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  • Author or Editor: Keith E. Baptiste x
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Objective—To describe clinical signs and clinicopathologic findings in donkeys with hypothermia.

Design—Retrospective study.

Animals—10 hypothermic donkeys.

Procedure—Information on signalment, history, physical examination findings, results of diagnostic tests, treatments, and necropsy findings was extracted from medical records of all donkeys with hypothermia between 1988 and 1998 and compared with information from medical records of all normothermic donkeys and hypothermic horses admitted to the hospital during the same period.

Results—Donkeys were more likely to be hypothermic than horses. The mean age of hypothermic donkeys was 6 years (range, 7 months to 11 years), compared with 4.2 years (range, < 1 month to 15 years) for normothermic donkeys; this difference was not significant. Ten of 12 horses with hypothermia were neonates; there were no hypothermic neonatal donkeys. At admission, 7 of 8 hypothermic donkeys were in good body condition and all hypothermic donkeys were weak. Six hypothermic donkeys were able to maintain sternal recumbency, 1 remained in lateral recumbency, and 3 were able to stand. Of the 10 hypothermic donkeys, 2 survived, 1 died, and 7 were euthanatized. Histologically, the thyroid glands from 4 of 5 hypothermic donkeys appeared abnormal and were similar to those of foals with hypothyroidism. During the months that hypothermic donkeys were admitted, there was not a significant difference in environmental temperatures on days of admission between hypothermic and normothermic donkeys.

Conclusions and Clinical Relevance—Hypothermia is a problem in donkeys during cold winter months, and may not be secondary to other diseases or related to diet or management. (J Am Vet Med Assoc 2000;216:725–729)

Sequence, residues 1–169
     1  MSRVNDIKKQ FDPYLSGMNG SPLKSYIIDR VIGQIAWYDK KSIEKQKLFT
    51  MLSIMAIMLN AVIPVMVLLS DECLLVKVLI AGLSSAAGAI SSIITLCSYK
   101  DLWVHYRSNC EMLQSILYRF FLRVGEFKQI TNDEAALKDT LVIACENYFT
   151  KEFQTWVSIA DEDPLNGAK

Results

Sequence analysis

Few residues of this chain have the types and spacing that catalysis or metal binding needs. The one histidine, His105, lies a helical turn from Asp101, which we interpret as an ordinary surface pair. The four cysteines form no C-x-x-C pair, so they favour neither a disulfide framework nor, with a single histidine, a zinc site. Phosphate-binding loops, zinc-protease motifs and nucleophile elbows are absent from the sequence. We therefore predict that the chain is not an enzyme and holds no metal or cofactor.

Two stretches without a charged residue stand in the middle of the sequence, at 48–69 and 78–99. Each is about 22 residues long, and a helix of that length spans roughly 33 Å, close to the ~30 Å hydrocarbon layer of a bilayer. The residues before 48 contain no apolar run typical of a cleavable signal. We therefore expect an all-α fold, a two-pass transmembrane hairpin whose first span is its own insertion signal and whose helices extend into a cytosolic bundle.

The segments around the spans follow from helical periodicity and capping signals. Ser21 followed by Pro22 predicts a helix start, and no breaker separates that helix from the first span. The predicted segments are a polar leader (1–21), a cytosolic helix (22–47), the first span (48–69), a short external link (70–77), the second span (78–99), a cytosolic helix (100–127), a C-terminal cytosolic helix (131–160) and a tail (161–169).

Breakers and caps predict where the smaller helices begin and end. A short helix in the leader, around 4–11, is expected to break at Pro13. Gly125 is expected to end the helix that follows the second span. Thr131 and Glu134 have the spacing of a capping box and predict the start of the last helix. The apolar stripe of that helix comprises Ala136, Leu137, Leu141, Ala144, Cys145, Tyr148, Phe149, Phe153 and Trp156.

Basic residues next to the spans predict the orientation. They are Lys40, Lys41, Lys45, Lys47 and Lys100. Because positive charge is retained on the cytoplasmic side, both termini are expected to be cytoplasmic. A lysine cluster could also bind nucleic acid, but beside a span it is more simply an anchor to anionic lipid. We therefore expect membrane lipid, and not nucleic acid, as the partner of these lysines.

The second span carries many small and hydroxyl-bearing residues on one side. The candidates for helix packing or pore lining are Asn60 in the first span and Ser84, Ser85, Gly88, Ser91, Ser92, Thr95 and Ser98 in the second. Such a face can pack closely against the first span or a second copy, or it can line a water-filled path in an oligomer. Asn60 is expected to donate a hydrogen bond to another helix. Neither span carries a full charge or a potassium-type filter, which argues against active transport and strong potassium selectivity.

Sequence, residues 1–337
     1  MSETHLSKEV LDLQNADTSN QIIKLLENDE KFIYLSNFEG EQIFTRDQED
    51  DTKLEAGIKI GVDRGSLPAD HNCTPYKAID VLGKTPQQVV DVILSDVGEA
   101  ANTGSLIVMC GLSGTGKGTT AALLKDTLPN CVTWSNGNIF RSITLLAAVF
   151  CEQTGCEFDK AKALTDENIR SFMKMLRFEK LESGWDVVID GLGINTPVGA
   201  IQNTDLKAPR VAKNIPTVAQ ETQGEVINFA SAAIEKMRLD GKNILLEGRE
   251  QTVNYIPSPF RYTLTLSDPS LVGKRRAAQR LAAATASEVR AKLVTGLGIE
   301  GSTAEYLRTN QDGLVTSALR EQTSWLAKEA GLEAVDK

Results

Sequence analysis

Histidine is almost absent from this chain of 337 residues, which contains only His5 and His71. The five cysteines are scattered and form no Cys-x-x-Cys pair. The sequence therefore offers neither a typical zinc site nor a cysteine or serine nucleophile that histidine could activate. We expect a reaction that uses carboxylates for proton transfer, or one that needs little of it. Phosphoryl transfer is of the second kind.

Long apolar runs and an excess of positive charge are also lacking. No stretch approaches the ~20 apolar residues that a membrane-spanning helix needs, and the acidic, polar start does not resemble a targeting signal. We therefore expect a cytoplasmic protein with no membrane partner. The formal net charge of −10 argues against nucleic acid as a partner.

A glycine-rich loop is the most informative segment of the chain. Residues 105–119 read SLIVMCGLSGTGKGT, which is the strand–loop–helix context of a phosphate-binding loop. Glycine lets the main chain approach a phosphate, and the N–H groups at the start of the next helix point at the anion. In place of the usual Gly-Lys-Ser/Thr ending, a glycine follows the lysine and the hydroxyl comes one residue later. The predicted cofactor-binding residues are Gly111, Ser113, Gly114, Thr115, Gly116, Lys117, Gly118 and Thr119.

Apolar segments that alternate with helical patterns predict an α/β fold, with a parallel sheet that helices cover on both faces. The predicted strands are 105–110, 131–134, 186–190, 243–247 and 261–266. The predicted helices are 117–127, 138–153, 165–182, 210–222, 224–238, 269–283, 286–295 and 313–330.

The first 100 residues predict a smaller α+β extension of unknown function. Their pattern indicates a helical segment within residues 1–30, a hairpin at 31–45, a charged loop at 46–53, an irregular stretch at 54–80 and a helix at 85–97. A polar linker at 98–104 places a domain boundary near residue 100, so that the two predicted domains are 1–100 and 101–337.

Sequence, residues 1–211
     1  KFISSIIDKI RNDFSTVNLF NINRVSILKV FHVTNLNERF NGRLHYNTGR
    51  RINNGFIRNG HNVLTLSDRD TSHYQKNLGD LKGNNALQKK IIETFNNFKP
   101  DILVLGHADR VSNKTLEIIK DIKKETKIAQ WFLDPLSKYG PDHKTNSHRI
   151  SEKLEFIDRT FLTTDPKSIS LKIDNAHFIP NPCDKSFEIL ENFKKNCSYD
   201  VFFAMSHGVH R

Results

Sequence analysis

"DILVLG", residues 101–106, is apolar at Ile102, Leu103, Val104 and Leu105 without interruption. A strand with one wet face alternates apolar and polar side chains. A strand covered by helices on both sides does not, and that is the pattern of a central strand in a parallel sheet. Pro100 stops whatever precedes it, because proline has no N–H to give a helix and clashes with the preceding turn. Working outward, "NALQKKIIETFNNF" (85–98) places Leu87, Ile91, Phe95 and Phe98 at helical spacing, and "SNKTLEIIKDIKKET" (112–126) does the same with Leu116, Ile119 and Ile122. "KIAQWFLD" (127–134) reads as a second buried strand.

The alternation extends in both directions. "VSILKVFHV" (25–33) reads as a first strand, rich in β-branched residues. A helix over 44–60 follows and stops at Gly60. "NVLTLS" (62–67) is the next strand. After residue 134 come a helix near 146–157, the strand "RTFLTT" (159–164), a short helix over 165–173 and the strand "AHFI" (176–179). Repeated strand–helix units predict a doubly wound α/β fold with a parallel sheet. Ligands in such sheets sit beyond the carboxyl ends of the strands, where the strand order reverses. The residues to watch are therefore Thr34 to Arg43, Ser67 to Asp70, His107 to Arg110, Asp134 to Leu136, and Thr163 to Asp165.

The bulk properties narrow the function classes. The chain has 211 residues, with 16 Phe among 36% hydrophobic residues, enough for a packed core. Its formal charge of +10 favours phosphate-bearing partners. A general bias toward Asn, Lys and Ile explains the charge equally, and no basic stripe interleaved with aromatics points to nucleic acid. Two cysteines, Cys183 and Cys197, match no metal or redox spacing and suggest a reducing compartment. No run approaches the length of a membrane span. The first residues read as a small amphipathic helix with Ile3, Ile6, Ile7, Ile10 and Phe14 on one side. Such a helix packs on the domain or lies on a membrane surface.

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in Journal of the American Veterinary Medical Association


Objective—To characterize hypernatremia in neonatal elk calves, including clinical signs, incidence, physical examination findings, and possible causes.

Design—Retrospective case series.

Animals—26 neonatal elk calves were examined; 4 calves were evaluated twice, for a total of 30 examinations.

Procedure—Medical records were reviewed for signalment, history, physical examination findings, results of diagnostic tests, and response to treatment. Hypernatremia was defined as serum sodium concentration > 153 mEq/L.

Results—Hypernatremia was diagnosed in 14 calves and was significantly associated with diarrhea, high WBC count, high anion gap, and high serum concentrations of albumin, chloride, creatinine, and urea. Hypernatremia was not significantly associated with survival, but high serum albumin concentration and rectal temperature were significantly associated with survival of calves. Animals given antibiotics and electrolyte solutions orally prior to evaluation were significantly more likely to die than those untreated. Dehydration was a common reason for evaluation but was not significantly associated with survival.

Conclusions and Clinical Relevance—Hypernatremia was significantly associated with diarrhea. Treatment of diarrheic elk calves is often the same as that used in bovine calves with diarrhea; however, bovine calves are commonly hypo- or normonatremic. Our experience suggests that treatment protocols used in bovine calves are unsatisfactory for elk calves. The rate at which serum sodium concentration is reduced should be < 1.7 mEq Na/L/h to avoid development of neurologic signs associated with iatrogenically induced cerebral edema. ( J Am Vet Med Assoc 2000;216:68–70)

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in Journal of the American Veterinary Medical Association